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City sticking with status quo for 2018 election

oshawa city hall (web)

Although the first day to register is still more than a year away, the City of Oshawa is already preparing for the 2018 election to fill spots at city hall. The city has confirmed there will be few changes in how next year’s run off will operate.

By Joel Wittnebel/The Oshawa Express

For the city clerk’s staff, it’s officially election season – at least that’s how Jason McWilliam, the city’s manager of records and information systems, sees things.

At the most recent meeting of the corporate services committee, McWilliam and city clerk Andrew Brouwer presented an overview of the methods to be used during next year’s municipal election, along with explaining some of the changes that came into effect following the approval of changes to the province’s Municipal Elections Act and the Municipal Act in September.

And for the most part, Oshawa voters can expect much of the same thing when they step into the polls on Oct. 22, 2018, at least as far as their ballot is concerned.

City staff recommend avoiding the implementation of any different voting methods such as online or by-mail voting, mostly pointing to the switch back to a ward system already being enough of a change for many voters.

Due to the ward system, the report states that “it is anticipated that additional voter education will be required and introduction of an alternative voting method may, in the city clerk’s opinion, unnecessarily complicate an elector’s access to the voting process.”

For that reason, residents can expect the same paper ballots on voting day and staff will be using the same optical scan vote tabulators to count them. However, the clerk is looking for council to approve alternative language technology, mostly via the telephone, that will help get answers to commonly asked questions for residents whose first language is not English or French. The cost for the initiative, which many municipalities undertake, is set to be shared among GTA municipalities.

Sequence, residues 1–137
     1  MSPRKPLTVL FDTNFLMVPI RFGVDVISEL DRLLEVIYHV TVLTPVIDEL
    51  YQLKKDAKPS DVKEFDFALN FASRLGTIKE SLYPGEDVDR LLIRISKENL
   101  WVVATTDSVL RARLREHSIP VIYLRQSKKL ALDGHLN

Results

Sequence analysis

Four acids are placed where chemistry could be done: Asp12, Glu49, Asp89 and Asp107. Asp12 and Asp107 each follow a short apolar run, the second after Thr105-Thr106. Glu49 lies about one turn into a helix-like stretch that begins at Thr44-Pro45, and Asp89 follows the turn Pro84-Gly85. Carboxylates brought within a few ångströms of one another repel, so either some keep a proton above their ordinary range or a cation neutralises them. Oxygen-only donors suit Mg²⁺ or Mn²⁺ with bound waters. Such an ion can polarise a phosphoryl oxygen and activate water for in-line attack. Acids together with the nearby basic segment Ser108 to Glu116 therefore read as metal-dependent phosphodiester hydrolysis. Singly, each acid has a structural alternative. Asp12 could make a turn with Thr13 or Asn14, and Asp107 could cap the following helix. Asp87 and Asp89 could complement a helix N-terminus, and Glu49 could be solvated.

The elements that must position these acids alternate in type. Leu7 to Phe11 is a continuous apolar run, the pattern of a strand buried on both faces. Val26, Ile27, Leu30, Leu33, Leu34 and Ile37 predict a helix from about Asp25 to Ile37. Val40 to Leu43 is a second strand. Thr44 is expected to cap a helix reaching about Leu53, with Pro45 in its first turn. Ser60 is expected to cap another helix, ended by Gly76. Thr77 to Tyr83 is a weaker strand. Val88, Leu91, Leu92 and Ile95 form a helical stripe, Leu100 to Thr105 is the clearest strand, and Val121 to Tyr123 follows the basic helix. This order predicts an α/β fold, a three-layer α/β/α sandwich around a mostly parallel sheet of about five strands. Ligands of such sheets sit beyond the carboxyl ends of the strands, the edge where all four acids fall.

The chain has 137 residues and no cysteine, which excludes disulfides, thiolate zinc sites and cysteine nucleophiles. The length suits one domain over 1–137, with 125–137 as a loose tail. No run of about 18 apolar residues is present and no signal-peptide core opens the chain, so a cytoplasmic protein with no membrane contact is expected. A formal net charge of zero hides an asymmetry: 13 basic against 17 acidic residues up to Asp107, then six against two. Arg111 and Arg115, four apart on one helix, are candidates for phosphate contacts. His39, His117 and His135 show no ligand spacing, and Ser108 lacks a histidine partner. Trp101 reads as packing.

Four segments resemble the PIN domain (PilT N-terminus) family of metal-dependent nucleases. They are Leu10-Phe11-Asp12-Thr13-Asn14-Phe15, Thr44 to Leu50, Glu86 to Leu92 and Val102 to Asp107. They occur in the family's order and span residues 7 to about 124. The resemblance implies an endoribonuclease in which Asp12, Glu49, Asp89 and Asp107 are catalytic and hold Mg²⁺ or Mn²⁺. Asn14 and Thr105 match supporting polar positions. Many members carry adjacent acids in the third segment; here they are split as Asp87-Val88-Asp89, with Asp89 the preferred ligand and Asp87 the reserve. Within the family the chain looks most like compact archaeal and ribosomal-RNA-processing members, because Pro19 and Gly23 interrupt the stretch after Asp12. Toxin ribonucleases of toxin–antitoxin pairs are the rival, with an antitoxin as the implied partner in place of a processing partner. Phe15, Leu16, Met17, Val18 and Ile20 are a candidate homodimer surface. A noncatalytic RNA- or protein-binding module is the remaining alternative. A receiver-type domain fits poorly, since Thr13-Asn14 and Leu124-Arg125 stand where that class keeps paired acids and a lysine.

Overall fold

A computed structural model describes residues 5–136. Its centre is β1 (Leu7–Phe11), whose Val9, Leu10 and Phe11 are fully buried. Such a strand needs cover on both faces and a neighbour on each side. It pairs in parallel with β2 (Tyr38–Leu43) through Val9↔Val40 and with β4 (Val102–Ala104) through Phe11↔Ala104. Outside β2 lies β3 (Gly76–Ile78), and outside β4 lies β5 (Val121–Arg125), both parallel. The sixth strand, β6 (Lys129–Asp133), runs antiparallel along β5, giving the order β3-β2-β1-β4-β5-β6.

For candidates however, the provincial changes in the fall of 2016 mean a few curveballs may be coming this time around.

Among the changes is a decreased campaign period, which previously saw the chance for candidates to register anytime between Jan. 1 and September of an election year. Now, the nomination period doesn’t open until May and closes in July. Candidates will also be once again required to obtain 25 signatures of local residents to support their nomination papers.

There have also been several changes to funding and advertising rules for the elections. Any third parties looking to engage in advertising for or against a candidate or issue, whether they are an individual, corporation or trade union, must register with the city clerk in order to do so and have strict spending limits. The province has also decided to ban candidates from receiving corporate and union donations.

The new provincial changes also introduced the option for municipalities to use ranked ballots in their elections if they so choose. It is something that Mayor John Henry says is a “real concern” as the province expects municipalities to figure it out on their own without providing any guidance as to how such an election would look.

However, the point is effectively moot as Brouwer states the timeline to declare the use of ranked ballots has passed, meaning Oshawa can’t use such a ballot even if councillors chose to. According to the clerk’s report, he is not aware of any municipalities opting to use ranked ballots in 2018.

“A number of legal interpretation, procedural and voting technology questions raised by municipal clerks have remained largely unaddressed,” the report states.